It Doesn't Have to Be Sad: The Life of a Hospice Nurse
Outside, it's noisy on this busy block of row houses in Baltimore. But inside one tidy living room, all is quiet except for the sound of a woman's raspy breathing. The patient is huddled in an easy chair under a handmade pink-and-blue afghan, a knit cap on her head and booties on her feet. She has trouble staying warm these days. Her cancer has returned with a vengeance and she has only a few weeks to live. Hospice nurse Jill Campbell kneels down beside her patient, listens to her breathing, and then checks her blood pressure. Campbell has already hauled in oxygen tanks, showed family members how to work them, organized the medicine, and assessed how her patient has been eating and sleeping.
But now is a moment to connect one-on-one. Campbell wraps her hands around the woman's hands and rubs them together to warm them. She looks into her face. "Are you feeling a little better?" she asks softly.
Getting to know her patients and helping them through the toughest time of their lives is what Campbell, 43, appreciates most about being a hospice nurse. "I don't know of another position where you can do more for people," she says.
Her patients have all been told that they have six months or less to live. Rather than continue with often-difficult or painful treatments that probably won't extend their lives, they have decided to stop trying for a cure. Instead, with the help of hospice care, they'll focus on comfort and on living whatever they have left of their lives to the fullest -- usually in their own home.
Being able to die at home is a major part of the appeal of hospice, but patients and family members may not see it that way at first. "A lot of people still view hospice as giving up and letting the disease win," says Campbell. That's why the decision to call in hospice care can be an incredibly difficult one for a family to make. Once they do, though, most patients and their families soon understand the value of having a team of dedicated professionals -- including social workers, health aides, chaplains, and nurses -- work together to provide not only physical but also emotional and spiritual support. When Campbell took the job at Gilchrist Hospice Care three years ago, she had the same fears as anyone about hospice. As a mother of three and a veteran nurse who'd worked in operating rooms, she expected it to be unbearably sad. But on her first home visit, she was surprised that the family members were relaxed and sharing funny stories about their dying father. "There's still happiness in the sadness of it," she says.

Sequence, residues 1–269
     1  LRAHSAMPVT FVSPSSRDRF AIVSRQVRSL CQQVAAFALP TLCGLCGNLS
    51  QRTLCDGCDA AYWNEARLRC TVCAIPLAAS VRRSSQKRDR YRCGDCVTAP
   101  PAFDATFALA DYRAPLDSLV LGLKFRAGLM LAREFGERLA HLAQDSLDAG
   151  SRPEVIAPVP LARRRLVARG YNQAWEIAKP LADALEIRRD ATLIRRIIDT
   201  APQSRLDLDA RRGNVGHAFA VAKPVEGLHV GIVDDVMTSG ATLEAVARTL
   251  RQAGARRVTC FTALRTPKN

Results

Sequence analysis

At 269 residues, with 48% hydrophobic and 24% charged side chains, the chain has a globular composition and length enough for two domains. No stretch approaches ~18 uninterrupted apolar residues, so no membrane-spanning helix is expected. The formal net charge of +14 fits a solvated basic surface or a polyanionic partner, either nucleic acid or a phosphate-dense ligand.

By spending time inside patients' homes, Campbell has witnessed the blessings of a peaceful ending to life. She's seen family members resolve longstanding, hurtful disputes and be reunited. For some patients the victories have been smaller but equally profound: a visit to a hair salon or being able to sit outside on a nice day. But getting patients and their relatives to that place of peace and acceptance can be tough. Some families are divided or resistant to the idea of hospice. One family asked Campbell to cover her badge, thinking that if their grandmother saw the word hospice she'd give up and die.
Others, unnecessarily worried about drug addiction, won't give their sick relative pain medicine when it's needed. And some patients are afraid of taking morphine, thinking it will stop their breathing or make them feel out of it. "Did you take the medicine?" Campbell asks a cancer patient, who is holding her rib cage in agony. Campbell squats beside the hesitant woman and assures her she'll stay with her while she takes it, to make sure she's okay. The patient is worried she'll just sleep away the time she has left, but pain medicine often allows a person to feel better and actually do more.
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